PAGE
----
After unveiling plans to offer a HomeKit version of The Button at CES in January, Fibaro is now shipping its multi-controller for Apple’s smart home platform. The Button is available to order for $ 49.99, and we’ve tried it out to see how it works with HomeKit.
Noted leaker Evan Blass this evening tweeted a mysterious render of an iPad that features slimmer bezels, no Home button, and no notch with space for a camera.
Blass did not provide any information on the render, aside from the cryptic message “Seems to be something missing from this (encased) iPad…” which perhaps hints that he received the render from a case maker. Blass typically only shares leaks that he believes are from credible sources.
Seems to be something missing from this (encased) iPad… pic.twitter.com/n0esVAOBkq
— Evan Blass (@evleaks) March 23, 2018
Case manufacturers often create renders and dummy models of devices ahead of their debut in order to be the first to come out with new accessories and cases for freshly launched devices. Much of the time, these kinds of leaks are accurate because there’s a lot of money at stake, but there can be serious misses.
In this case, with no accompanying information, there’s no way to determine whether or not this design is indicative of what a future iPad might look like. There is no notch or cutout for the camera, and the device is depicted running an older version of iOS, but for a simple rendering to show off a case, these features wouldn’t matter. The lack of a front-facing camera and no visible notch in this particular render, if accurate, are not indicative of Apple’s plans.
Rumors have indeed suggested Apple is working on an iPad Pro that’s similar in design to what’s pictured in the rendering. Apple is said to be planning to launch an iPad Pro with thinner bezels, a faster processor, a custom Apple-built GPU, and most importantly, Face ID.
With Face ID, the next-generation iPad Pro will not need a Home button, providing more room for the display. Future iPad Pro models are expected to come in physical sizes similar to the existing 10.5 and 12.9-inch iPad Pro models, and based on icon spacing, the rendering appears to depict the larger iPad Pro.
Exact display sizing for future iPad Pro models is unknown as of yet, but a recent rumor from Taiwan’s Economic Daily News has suggested the smaller of the two tablets could feature an 11-inch display. Apple would not need to increase the actual size of the iPad Pro to introduce a larger display if the bezels are smaller.
Apple is believed to be planning to introduce new iPad Pro models sometime in the second half of the year. Bloomberg has suggested the devices will debut sometime after June, perhaps in September, while other sources have predicted a June WWDC launch.
Update: It appears the “rendering” is a fake photoshopped image, as it spotted in an auction listing for a 10.5-inch iPad Pro case along with the original image that was photoshopped. Evan Blass has deleted his original tweet.
— Steve H. (@OnLeaks) March 23, 2018
Good find. I need to have a talk with someone. https://t.co/c41dHZdjEn
— Evan Blass (@evleaks) March 23, 2018
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An image from famed hardware leaker Evan Blass on Thursday could offer one of the first looks at a rumored iPad model that replaces Apple’s years-old home button with Face ID facial recognition.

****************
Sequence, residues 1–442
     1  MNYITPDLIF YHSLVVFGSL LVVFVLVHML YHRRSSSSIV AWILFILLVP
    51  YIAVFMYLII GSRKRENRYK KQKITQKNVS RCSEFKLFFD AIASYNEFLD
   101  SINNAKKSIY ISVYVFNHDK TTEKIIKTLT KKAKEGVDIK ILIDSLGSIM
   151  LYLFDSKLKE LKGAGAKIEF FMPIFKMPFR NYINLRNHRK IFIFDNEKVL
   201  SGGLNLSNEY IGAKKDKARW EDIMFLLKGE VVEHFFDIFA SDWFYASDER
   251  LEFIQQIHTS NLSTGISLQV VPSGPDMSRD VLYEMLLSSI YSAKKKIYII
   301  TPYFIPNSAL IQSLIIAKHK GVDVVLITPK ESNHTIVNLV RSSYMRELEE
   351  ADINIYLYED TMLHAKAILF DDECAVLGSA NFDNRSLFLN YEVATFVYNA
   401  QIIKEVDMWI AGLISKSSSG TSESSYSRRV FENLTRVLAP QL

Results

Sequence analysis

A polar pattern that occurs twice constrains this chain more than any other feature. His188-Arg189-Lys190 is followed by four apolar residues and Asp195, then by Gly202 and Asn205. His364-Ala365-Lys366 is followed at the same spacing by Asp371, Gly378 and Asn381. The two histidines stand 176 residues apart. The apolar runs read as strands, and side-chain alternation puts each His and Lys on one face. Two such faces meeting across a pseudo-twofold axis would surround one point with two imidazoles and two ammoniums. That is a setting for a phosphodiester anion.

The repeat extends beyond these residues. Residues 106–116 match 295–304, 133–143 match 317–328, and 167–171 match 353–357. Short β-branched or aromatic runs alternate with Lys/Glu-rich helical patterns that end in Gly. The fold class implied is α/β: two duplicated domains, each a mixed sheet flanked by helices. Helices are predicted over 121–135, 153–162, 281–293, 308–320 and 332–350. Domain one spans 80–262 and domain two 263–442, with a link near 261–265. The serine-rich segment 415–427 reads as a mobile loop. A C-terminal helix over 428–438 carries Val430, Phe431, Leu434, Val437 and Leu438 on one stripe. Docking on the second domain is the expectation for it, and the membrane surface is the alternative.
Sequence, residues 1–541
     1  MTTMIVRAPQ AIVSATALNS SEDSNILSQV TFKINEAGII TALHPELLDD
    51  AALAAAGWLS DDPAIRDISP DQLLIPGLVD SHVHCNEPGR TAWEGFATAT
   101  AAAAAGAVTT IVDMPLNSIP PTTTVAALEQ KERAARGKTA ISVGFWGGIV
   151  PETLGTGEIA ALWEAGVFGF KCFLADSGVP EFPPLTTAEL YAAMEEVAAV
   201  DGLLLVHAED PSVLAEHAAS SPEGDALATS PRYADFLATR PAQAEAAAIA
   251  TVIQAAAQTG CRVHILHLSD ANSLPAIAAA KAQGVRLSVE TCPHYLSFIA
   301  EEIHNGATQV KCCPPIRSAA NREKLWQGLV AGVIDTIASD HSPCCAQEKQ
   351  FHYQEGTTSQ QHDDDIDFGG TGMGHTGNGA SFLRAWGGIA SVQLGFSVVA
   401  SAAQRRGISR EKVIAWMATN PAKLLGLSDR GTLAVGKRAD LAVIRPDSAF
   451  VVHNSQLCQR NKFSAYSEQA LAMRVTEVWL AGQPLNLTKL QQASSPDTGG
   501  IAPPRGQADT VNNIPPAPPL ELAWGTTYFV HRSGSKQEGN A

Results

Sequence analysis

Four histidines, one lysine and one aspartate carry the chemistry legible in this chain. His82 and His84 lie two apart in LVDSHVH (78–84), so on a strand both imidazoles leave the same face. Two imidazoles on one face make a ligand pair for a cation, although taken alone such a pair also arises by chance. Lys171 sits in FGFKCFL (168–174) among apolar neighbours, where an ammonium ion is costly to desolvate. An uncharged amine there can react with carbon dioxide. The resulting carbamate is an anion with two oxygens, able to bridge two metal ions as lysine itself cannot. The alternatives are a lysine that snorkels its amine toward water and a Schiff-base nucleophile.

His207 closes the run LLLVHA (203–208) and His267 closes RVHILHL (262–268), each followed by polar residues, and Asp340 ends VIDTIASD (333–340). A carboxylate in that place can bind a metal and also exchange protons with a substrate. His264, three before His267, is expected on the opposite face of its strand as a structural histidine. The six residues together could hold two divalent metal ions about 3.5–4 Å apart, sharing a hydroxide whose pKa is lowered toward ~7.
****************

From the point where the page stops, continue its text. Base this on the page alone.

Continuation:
AppleInsider – Frontpage News
The Eve Button does what it says on the box, but ultimately proves to be a very niche accessory for people hooked into Apple’s HomeKit.
AppleInsider – Frontpage News
Elgato has been making HomeKit-enabled “Eve” Bluetooth accessories for several years now, and the company now boasts an impressive lineup that includes a range of sensors, switches and smart plugs, and motion detectors.
Eve Button, Elgato’s newest product, is a simple little three-gesture switch that’s designed to control all of your other HomeKit products, activating scenes, turning lights on and off, and more.
The Eve Button has a simple, clean design with a silver aluminum shell and a black plastic front plate with a smooth, circular button outline that doesn’t protrude at all.
It’s using the same design introduced in the Eve Degree, so if you already have an Eve Degree, the Eve Button will complement it nicely.
While there is no visible button protrusion, if you press on the button outline in the middle of the accessory, it will depress and activate the Eve Button’s gestures. Pressing at the sides does not cause the front plate to depress, so the pressing motion is limited to the center, which is a clever design.
The back of the Eve Button is where the battery compartment is located, which can be opened with a coin. The Eve Button uses a CR2032 replaceable watch battery that can be purchased from a local store or Amazon.com for just a couple of dollars. You can check battery level in the Home app.
Elgato included four little rubber feet for the Eve Button so you can set it flat on a surface and it won’t slip around, but curiously, there’s no included adhesive strip or mounting option. The Eve Button is the kind of accessory I’d like to be able to attach to the wall near my light switch, but that’s not an option.
With other switches and buttons, like the Hue Tap, there’s an included mounting solution so it can go on the wall or be used anywhere, so this is a bit of a disappointing oversight with the Eve Button. Portability is, of course, the preferred functionality because not everyone is going to use this as a light switch, but it would be nice if mounting was an option. It’s certainly light enough that I could pick up a 3M Command Strip on my own to stick it to the wall.
In addition to the four little feet, Elgato also included a whole slew of HomeKit stickers you can place on the Eve to remind you which gesture does what, which is a nice addition. Hue Tap and other competing button-like devices don’t have that option, and it can be difficult to remember what’s what, especially when there are multiple family members using the device.
There are three gestures available on the Eve Button, which can be tied to three of your HomeKit scenes: a single press, a double press, and a long press.
All of these gestures are simple to execute, and the Eve Button does a good job telling them apart. I didn’t have much trouble with it mistaking one gesture for another, and it takes just a few seconds (sometimes even less) from when I press the button to when the scene assigned to the button activates. You might think Bluetooth is slow, but it’s not, even when I’m in a different room.
I have noticed once or twice that the Eve Button refuses to respond to a gesture, causing me to repeat it, but it hasn’t happened often in the two weeks I’ve been testing it. For the record, I sometimes have the same issue with other accessories of this type. It’s irritating, but not a dealbreaker.